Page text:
by Stephanie McCrackenAugust 15, 2014 counseling, couples therapy, marriage counseling, psychotherapy0 comments
/ˈɪntəməsi/ Show Spelled [in-tuh-muh-see] noun, plural in·ti·ma·cies.
1. The state of being intimate.
2. A close, familiar, and usually affectionate or loving relationship with another person or group.
3. A close association with or detailed knowledge or deep understanding of a place, subject.
4. An act or expression serving as a token of familiarity, affection, or the like: to allow the intimacy of using first names.
5. An amorously familiar act.
Those in staunchly well mind and body are often motivated for enjoyment, the want to enjoy good food, good love, and good sex. Most ideally we are able to enjoy closeness with our family and friends, mutual pleasures with ones that we love. Yet it very well may be possible that for all of our satisfied physical urges we may still be missing the ship on nurturing intimacy. You see, while intimacy may be fostered within the context of lovemaking it is most readily sustained within the mundane moments of other parts of the relationship. Intimacy is where all of this “relationship stuff” really melds into a complex interplay, intimacy is the nectar which offers fluidity to our love. The gazing into each other’s eyes, it’s the subtle touch of the arm while walking down the street, it’s the intermingled limbs awaking at dawn, the secrets that you know of each other.
What if I told you that the secret to sustaining intimacy is in how well your relationship tolerates distance? Intimacy may be well known by its opposite which for the intention of this cursory summary, is distance. We and our lover are always in the eternal dance of closeness and distance. We meet at home and spend our lives in different jobs or completing divergent tasks, we may share friends but we have our own as well, we converge and diverge. How close we become as years unfurl around our partner and our self. Yet too, how much can we allow and encourage some space between us before feeling that there is a chasm. Often in psychology we see a range of personality disorders which are challenged by forging emotional closeness and distance in interpersonal relationships. When we allow our partner the safe space to separate autonomously and then reemerge into the sanctity of our love we will often be thanked by abundant closeness.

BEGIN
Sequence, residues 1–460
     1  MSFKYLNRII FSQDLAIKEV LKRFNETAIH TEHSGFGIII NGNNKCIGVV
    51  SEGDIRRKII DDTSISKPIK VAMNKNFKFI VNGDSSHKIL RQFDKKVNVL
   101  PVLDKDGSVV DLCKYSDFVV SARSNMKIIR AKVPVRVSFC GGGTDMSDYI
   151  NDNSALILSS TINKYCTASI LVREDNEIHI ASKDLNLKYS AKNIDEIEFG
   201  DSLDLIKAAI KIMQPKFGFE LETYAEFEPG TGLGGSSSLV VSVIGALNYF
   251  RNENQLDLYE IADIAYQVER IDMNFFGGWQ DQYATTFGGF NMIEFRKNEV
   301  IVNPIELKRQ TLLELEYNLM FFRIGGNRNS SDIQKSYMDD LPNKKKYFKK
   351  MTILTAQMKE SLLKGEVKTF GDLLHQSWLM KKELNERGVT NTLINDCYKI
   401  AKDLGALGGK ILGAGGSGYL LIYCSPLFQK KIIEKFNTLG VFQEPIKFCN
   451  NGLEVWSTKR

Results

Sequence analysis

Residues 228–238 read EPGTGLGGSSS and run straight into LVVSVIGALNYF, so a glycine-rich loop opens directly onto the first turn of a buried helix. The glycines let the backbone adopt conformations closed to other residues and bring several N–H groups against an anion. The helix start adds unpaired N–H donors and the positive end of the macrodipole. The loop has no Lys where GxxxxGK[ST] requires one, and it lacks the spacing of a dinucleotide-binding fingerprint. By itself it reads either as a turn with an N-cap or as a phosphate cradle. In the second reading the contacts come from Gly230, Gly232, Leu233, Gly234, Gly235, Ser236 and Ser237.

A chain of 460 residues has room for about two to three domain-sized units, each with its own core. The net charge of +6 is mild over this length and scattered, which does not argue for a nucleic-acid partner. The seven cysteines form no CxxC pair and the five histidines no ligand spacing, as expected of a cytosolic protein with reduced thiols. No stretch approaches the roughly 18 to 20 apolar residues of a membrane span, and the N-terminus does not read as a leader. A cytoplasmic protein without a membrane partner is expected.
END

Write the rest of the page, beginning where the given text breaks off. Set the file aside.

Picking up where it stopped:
Imagine this, you go to the grocery store and run into a college friend in the isles, you chat for a while about the pledges of your sorority and are feeling fabulous as you go home to your husband to enjoy a quiet evening together. Your husband is seated brooding when you enter the house, accusations begin to fly about why you are home a half an hour late. “What were you doing? How could you be so thoughtless to not text or call that you would not be on time? Were you with someone else?” Perhaps in years one through three you used to defend and explain but that leads to no solution, over time you shut down and swallow tears, sometimes wondering if you should be doing all of the things that you are accused of, it sure would beat the loneliness of your quiet sulking. Hours later, your husband, feeling guilty for his explosion, eager to close the chasm between you, reaches to touch you and begin making love when you crawl into bed. Now you are brooding and squirm away from his touch, he accuses yet again, “What is wrong with you? Why are you so cold to me?” In his mind he is now certain that you are cheating and you are certain that he is a Neanderthal. The couple exemplified here is suffering greatly the lack of trust and diminished communication among possible other hypothesis. I wonder how different this interaction would look if distance was encouraged between the two? It’s vital to remember that the moment that we step out of the habit of encouraging our partners autonomy and space we become something different and distance will inevitably begin to replace our longed for closeness.
Its most important to keep in mind that a relationship is made up of multiple components and the way that you and your partner are relating is an ever malleable matrix, influenced and influencing a multiplicity of domains from the physical, emotional, psychological, social, spiritual to name a few. With this in mind, hold fast to hope. The maintenance of a marriage or relationship occurs by a specific skillset which for some of us is natural while for others it may take a bit of work, like all aspects of our relational style we can always learn how to do better. If you are a part of a romantic relationship or if you are thinking back to other relationships, you may want to ask yourself, how well do you and your partner relish distance and what does that do to the intimacy between the two of you? A little intimate secret for you is that we can only allow to come close that which is existent within from its own context, from its very unique and nurturing distance.
In love and light,
Stephanie McCracken MSPC
Reviving Minds Therapy 1010 Western Avenue Pittsburgh Pa 15233 Suite 100
Offering Psychotherapy and Marriage Counseling